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Car Titles Articles

9 Components of a Bill of Sale

One of the most important documents in vehicle ownership is often the one most overlooked. This significant document has many names: sales receipt, proof of purchase, statement, but most people will recognize this document to be the bill of sale. A bill of sale is a record of the transaction of a vehicle. This document proves that you actually purchased the vehicle from the seller or dealership. By itself, simply providing this document will not get you a title. However, it’s often the first step in transferring your title.

How to write a bill of sale:

  1. Date of purchase
  2. Name of the seller
  3. Name of the buyer
  4. The seller’s signature
  5. Vehicle identification number (VIN)
  6. Vehicle make
  7. Vehicle model
  8. Model year
  9. Odometer statement

A bill of sale can be handwritten or typed. Some states require your bill of sale to be notarized before they accept it as proof of ownership. Be sure to check the requirements of your state DMV before submitting your documents. When written correctly, a bill of sale can be the first step in getting your vehicle title. If written incorrectly, the process to transfer your vehicle title will be difficult and could get you into trouble with the DMV. 

Are you ready to transfer your title? If your vehicle is 15 years old or older, you may qualify for an out-of-state title transfer using the Vermont loophole. This title method is available for non-residents of Vermont and doesn’t require to you travel out of state. Get started with us here and let us professionally prepare your title documents.


Want a professional to do it for you?

For as little as $159 for most processes, we will save you the headache and prepare all of the car title paperwork needed to get you a new title. Simply choose the title recovery method you’d like to use and we’ll get started!

Select your title recovery method:

Order Vermont Title LoopholeOrder Deceased Owner Title TransferOrder Bonded Title ProcessOrder Abandoned Vehicle ProcessOrder Prior Owner ContactOrder Lien Release Request Letter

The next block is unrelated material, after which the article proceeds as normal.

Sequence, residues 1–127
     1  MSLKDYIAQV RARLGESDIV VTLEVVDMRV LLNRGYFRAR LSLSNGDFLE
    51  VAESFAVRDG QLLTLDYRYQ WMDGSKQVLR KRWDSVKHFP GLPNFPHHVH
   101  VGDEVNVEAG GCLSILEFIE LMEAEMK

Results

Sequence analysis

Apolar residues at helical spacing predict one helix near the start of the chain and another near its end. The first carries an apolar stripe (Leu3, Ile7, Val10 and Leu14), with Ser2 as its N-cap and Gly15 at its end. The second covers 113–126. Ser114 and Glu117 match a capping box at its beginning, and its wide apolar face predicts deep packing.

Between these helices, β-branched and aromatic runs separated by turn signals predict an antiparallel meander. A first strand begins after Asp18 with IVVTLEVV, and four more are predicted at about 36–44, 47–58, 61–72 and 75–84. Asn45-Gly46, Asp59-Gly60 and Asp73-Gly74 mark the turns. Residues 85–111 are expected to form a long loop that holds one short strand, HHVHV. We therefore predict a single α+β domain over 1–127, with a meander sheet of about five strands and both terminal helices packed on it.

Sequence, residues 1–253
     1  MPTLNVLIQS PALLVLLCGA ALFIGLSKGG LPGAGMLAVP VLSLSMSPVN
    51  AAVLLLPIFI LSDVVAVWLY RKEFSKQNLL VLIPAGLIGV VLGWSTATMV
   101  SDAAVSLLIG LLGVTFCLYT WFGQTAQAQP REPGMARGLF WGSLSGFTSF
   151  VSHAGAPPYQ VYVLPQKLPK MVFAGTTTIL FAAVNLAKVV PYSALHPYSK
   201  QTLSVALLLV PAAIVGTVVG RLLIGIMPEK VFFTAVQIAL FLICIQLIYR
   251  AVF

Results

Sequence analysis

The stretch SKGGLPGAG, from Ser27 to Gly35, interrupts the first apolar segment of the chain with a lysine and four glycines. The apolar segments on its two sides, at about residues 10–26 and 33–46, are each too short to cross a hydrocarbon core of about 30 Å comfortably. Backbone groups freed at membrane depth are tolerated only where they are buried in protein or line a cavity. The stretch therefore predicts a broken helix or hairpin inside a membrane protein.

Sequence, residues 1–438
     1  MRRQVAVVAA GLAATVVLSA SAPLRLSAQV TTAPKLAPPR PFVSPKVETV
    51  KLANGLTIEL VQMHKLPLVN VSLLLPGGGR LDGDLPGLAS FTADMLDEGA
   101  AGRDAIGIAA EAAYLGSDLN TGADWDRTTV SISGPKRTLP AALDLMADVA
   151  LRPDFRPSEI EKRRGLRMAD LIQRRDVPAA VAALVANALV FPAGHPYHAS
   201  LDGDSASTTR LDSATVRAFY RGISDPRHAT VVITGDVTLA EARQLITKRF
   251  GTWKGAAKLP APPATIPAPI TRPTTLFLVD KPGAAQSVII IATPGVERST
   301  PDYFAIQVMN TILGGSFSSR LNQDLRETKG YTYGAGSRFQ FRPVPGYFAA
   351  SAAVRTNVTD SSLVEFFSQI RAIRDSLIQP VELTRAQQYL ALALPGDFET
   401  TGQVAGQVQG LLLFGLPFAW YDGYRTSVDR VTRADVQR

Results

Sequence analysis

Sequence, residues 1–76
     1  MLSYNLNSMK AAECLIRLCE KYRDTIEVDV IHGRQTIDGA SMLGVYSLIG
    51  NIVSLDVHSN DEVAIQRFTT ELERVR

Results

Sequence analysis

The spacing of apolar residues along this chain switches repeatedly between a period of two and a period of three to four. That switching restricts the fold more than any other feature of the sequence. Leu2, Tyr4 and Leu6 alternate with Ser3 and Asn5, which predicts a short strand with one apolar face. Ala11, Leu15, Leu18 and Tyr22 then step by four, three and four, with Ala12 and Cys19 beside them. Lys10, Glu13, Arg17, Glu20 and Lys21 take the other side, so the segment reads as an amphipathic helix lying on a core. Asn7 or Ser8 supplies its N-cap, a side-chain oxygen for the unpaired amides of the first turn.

Vehicle Lien Release: What You Need to Know

If you’re wondering if it’s really necessary to remove your vehicle title lien, the answer is yes. Even if you’ve already paid off your loan balance, your vehicle title will still show a lien until you’ve released the lien from the lienholder. Without a vehicle lien release, the DMV in your state will prohibit you from selling or transferring your vehicle until all liens are cleared from the title. 

Removing a vehicle title lien can be tricky. In most cases, there are three general steps to release a title lien:

Step 1: Identify the lienholder

Step 2: Complete a lien release letter

Step 3: Send your lien release letter to the lienholder

Identify the Lienholder

Identifying your lienholder may be the easy part, but unfortunately, not all lienholders will still be in business. If your lienholder is no longer in business, you may have to do conduct research to locate the current registered agent authorized to release the lien. After identifying your lienholder, look for at least three addresses: principal address, mailing address, and registered agent address. 

Most lenders don’t have a lien release department standing by ready to release your lien. It’s important to identify all of the possible addresses of your lienholder to ensure the right party will receive your paperwork.

Complete a Lien Release Letter

After identifying your lienholder, you’ll need to complete a request for a lien release letter or non-interest letter to the lienholder agent. In most states, this form needs to be notarized by a certified public notary. Most lenders will have a public notary on staff, but it’s important to check with your lender prior to sending your request for lien release. This form must be sent to the lienholder by certified mail and cannot be sent electronically or requested via phone. 

In this letter, you must certify that the lien against the vehicle has been satisfied and provide the following information: VIN, year, make, model, owner name, and lienholder information. If you submit a request for lien release with missing information, your request for lien release will not be approved.

Sending your Request for Lien Release

Once you’ve identified your lienholder and have the proper documents completed and notarized, you’re ready to send off your request for lien release for your lienholder’s signature. Compile all of your documents and send them to at least three addresses via certified mail. Your lienholder will review your documents, ensure that the balance has been paid, then will release the lien or contact you if the proper documentation is missing. 

The best practice for vehicle lien releases is to complete the paperwork for your lienholder. If you send incomplete documents, you won’t get your lien release or it could take months to get resolved. Need assistance with your vehicle lien release documents? Order your professionally prepared vehicle lien release documents here.

How To Obtain a Vehicle Title

The process of obtaining a car title can be confusing, especially if you recently moved or you’re missing ownership documents. Many buyers simply choose to not transfer their title to avoid the stress and hassle. We’ll discuss the basics of what an automotive title or vehicle title is and how you can obtain it for your vehicle.